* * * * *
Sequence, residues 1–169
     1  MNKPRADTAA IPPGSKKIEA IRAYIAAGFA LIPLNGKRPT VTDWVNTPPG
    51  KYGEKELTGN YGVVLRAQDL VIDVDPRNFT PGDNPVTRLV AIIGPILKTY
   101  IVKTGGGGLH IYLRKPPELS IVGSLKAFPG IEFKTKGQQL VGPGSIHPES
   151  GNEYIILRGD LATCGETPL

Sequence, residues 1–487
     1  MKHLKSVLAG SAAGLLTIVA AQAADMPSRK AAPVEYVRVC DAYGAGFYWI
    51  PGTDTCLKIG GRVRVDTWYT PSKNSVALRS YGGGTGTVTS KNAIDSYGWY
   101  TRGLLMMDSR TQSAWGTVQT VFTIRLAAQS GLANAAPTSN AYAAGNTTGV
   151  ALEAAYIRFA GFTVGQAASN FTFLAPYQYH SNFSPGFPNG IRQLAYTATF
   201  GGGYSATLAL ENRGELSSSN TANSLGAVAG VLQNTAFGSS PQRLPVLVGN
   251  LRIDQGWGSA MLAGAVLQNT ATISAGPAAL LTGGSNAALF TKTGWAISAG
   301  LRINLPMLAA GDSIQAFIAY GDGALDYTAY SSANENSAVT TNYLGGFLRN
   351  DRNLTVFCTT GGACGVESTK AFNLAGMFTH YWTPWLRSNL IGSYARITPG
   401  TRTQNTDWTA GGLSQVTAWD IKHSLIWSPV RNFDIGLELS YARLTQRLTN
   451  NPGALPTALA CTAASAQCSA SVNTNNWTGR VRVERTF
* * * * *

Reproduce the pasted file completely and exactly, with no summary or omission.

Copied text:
Sequence, residues 1–169
     1  MNKPRADTAA IPPGSKKIEA IRAYIAAGFA LIPLNGKRPT VTDWVNTPPG
    51  KYGEKELTGN YGVVLRAQDL VIDVDPRNFT PGDNPVTRLV AIIGPILKTY
   101  IVKTGGGGLH IYLRKPPELS IVGSLKAFPG IEFKTKGQQL VGPGSIHPES
   151  GNEYIILRGD LATCGETPL

Sequence, residues 1–487
     1  MKHLKSVLAG SAAGLLTIVA AQAADMPSRK AAPVEYVRVC DAYGAGFYWI
    51  PGTDTCLKIG GRVRVDTWYT PSKNSVALRS YGGGTGTVTS KNAIDSYGWY
   101  TRGLLMMDSR TQSAWGTVQT VFTIRLAAQS GLANAAPTSN AYAAGNTTGV
   151  ALEAAYIRFA GFTVGQAASN FTFLAPYQYH SNFSPGFPNG IRQLAYTATF
   201  GGGYSATLAL ENRGELSSSN TANSLGAVAG VLQNTAFGSS PQRLPVLVGN
   251  LRIDQGWGSA MLAGAVLQNT ATISAGPAAL LTGGSNAALF TKTGWAISAG
   301  LRINLPMLAA GDSIQAFIAY GDGALDYTAY SSANENSAVT TNYLGGFLRN
   351  DRNLTVFCTT GGACGVESTK AFNLAGMFTH YWTPWLRSNL IGSYARITPG
   401  TRTQNTDWTA GGLSQVTAWD IKHSLIWSPV RNFDIGLELS YARLTQRLTN
   451  NPGALPTALA CTAASAQCSA SVNTNNWTGR VRVERTF